On July 9, 2013, the Internal Revenue Service (“IRS”) issued Notice 2013-45 to provide additional guidance on the delay of certain mandatory reporting obligations under the Patient Protection and Affordable Care Act, as amended (“PPACA”), which is the federal health care reform law, until January 1, 2015. Because the IRS believes the delay in the application of these reporting requirements makes it impractical to determine which employers owe shared responsibility payments for 2014, the Notice also provides that no employer shared responsibility payments will be assessed for 2014. However, the transitional relief does not impact other PPACA provisions, such as the premium tax credit and the individual shared responsibility payment.
Accordingly, employers and individuals must comply with other PPACA provisions. The Notice supplements the Obama Administration’s announcement on July 2, 2013, that delayed certain reporting obligations and the employer shared responsibility payment for 2014.
The Notice affects compliance with three sections of the Internal Revenue Code of 1986, as amended (the “Code”) created by the PPACA. First, Section 6055 of the Code requires annual information reporting by health insurance carriers, self-insured employers, government agencies, and certain other providers of health care coverage. Section 6056 also requires annual information reporting by applicable large employers with respect to the health coverage offered to their full-time employees. In general, an applicable large employer is an employer with at least 50 full-time employees, calculated by adding the number of full-time employees (employees who work at least 30 hours per week) and full-time equivalent employees. While the Obama Administration has delayed the reporting obligations under Sections 6055 and 6056 until 2015, the IRS encourages employers to voluntarily comply with the provisions in 2014 using proposed rules expected to be released later this summer. The Notice emphasizes that information reporting under Sections 6055 and 6056 is optional in 2014, no penalties will be applied for failure to comply with these provisions for 2014, but the reporting obligations (and related penalties for noncompliance) will apply in 2015.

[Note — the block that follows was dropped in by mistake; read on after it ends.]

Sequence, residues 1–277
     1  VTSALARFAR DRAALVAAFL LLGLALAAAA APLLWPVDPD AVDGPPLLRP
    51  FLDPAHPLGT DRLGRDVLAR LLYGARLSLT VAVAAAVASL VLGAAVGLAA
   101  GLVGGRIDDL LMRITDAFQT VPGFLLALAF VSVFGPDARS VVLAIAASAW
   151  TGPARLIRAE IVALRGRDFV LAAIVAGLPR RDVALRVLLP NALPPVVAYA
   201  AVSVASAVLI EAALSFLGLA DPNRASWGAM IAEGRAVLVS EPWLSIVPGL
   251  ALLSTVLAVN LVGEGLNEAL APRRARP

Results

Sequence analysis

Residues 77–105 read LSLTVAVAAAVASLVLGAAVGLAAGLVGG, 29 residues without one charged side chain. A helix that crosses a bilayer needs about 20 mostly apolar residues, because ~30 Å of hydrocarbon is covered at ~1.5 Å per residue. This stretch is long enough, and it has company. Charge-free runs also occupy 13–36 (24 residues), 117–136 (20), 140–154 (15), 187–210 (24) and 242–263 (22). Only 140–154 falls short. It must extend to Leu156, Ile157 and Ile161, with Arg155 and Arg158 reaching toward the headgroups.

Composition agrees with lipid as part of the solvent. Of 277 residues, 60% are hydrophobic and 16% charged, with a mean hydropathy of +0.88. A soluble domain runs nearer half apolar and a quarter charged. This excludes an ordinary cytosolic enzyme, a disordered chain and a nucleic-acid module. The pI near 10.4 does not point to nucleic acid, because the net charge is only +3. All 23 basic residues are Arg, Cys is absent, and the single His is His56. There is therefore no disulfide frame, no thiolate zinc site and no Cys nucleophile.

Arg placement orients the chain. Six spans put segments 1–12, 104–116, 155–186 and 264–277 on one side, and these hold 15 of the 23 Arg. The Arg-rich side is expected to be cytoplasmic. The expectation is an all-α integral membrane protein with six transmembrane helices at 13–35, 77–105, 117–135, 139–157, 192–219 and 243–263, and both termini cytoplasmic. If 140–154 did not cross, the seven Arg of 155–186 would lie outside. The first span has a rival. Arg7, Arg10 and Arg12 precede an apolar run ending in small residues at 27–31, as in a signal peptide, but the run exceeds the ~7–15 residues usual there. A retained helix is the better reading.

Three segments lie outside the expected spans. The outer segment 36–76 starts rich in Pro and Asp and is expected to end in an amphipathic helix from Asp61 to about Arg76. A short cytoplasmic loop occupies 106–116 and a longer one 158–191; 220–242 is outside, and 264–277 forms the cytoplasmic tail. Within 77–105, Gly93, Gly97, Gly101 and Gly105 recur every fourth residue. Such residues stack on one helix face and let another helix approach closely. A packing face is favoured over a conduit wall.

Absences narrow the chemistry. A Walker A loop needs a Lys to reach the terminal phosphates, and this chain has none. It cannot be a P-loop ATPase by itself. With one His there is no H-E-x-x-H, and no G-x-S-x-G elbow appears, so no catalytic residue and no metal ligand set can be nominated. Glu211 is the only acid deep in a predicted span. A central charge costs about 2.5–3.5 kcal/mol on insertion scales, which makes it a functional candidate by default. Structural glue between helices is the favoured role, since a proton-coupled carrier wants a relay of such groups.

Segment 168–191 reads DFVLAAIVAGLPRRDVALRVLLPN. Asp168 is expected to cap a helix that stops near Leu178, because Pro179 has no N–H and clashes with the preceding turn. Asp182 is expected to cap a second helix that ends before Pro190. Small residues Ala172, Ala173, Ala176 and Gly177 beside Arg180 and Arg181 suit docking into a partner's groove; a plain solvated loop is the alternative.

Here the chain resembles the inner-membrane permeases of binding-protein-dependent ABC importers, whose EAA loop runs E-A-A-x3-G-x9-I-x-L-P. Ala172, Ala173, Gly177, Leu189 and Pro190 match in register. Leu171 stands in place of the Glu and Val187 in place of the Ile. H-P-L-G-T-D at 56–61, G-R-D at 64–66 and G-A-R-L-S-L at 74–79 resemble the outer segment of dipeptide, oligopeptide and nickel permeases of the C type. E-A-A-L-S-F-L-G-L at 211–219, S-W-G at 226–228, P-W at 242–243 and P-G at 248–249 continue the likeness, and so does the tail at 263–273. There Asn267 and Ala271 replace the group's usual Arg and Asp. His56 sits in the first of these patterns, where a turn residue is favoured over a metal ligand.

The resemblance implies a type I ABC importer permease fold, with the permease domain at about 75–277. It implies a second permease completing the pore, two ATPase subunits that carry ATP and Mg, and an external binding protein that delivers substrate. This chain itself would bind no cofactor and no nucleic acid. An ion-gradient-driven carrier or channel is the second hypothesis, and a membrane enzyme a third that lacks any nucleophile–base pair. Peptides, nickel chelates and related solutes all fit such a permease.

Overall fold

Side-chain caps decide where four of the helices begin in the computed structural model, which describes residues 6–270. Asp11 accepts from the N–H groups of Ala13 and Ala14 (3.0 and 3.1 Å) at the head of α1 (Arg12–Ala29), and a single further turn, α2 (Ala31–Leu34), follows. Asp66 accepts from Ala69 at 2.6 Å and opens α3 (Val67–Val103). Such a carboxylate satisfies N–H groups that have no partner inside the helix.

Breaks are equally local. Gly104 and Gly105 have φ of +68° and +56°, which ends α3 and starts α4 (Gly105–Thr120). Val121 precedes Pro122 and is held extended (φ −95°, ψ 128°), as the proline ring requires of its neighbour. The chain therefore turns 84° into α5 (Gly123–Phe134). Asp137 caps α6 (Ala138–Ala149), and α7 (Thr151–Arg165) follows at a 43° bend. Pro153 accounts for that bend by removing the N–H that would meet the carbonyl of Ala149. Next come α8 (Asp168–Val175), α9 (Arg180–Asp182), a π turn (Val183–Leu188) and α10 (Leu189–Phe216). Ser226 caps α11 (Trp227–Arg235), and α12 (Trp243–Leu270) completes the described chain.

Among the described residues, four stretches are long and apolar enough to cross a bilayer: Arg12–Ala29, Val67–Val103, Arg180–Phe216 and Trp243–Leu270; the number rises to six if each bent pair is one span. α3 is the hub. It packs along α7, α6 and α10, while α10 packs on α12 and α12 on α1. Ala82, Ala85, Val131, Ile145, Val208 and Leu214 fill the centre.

Next, the Notice addresses Section 4980H, which establishes the employer shared responsibility provisions (sometimes referred to as the “employer mandate” or the “play or pay” provisions). Generally, Section 4980H requires large employers to offer affordable, minimum value health coverage to its full-time employees or pay a shared responsibility payment if one or more of its full-time employees receive a premium tax credit. In the Notice, the IRS explained that because the Section 6056 information reporting is necessary to determine whether employers owe a shared responsibility payment, no employer shared responsibility payments will be assessed in 2014. However, employers are encouraged to maintain or expand their health coverage in 2014. The obligations under Section 4980H will be enforced beginning in 2015.
Despite the delay of these provisions of the PPACA, employers should continue to review and make necessary changes to their health plans in order to comply with all provisions of the PPACA. Doing so gives employers the necessary time to address various compliance issues that may arise and correct any problems.
Fraser Stryker is a leader in employee benefits and tax law. Attorneys in the Firm’s Employee Benefits & ERISA Practice Group advise businesses, governments, and nonprofit/tax-exempt organizations on a wide variety of tax and employee benefits matters, transactions, and litigation. Fraser Stryker helps employers implement and maintain innovative and cost-effective employee benefit plans that attract and retain top talent. Attorneys on the Firm’s Patient Protection and Affordable Care Act & Health Care Reform Response Team advise businesses, political subdivisions and other governmental entities, health care organizations, and tax-exempt entities on all aspects of health care reform implementation and compliance. For more information, or if you would like to discuss the PPACA, its reporting requirements, or the employer shared responsibility provisions, please contact Nicole R. Konen, or Emily Wischnowski.
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